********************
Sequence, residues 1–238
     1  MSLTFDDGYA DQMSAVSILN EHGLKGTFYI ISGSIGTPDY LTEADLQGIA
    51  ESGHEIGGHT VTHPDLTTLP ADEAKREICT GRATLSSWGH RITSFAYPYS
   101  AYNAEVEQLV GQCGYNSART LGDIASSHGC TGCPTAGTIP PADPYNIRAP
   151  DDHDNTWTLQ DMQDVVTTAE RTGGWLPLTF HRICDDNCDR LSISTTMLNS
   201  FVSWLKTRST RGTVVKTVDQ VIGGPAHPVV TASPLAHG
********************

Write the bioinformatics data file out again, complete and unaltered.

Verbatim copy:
Sequence, residues 1–238
     1  MSLTFDDGYA DQMSAVSILN EHGLKGTFYI ISGSIGTPDY LTEADLQGIA
    51  ESGHEIGGHT VTHPDLTTLP ADEAKREICT GRATLSSWGH RITSFAYPYS
   101  AYNAEVEQLV GQCGYNSART LGDIASSHGC TGCPTAGTIP PADPYNIRAP
   151  DDHDNTWTLQ DMQDVVTTAE RTGGWLPLTF HRICDDNCDR LSISTTMLNS
   201  FVSWLKTRST RGTVVKTVDQ VIGGPAHPVV TASPLAHG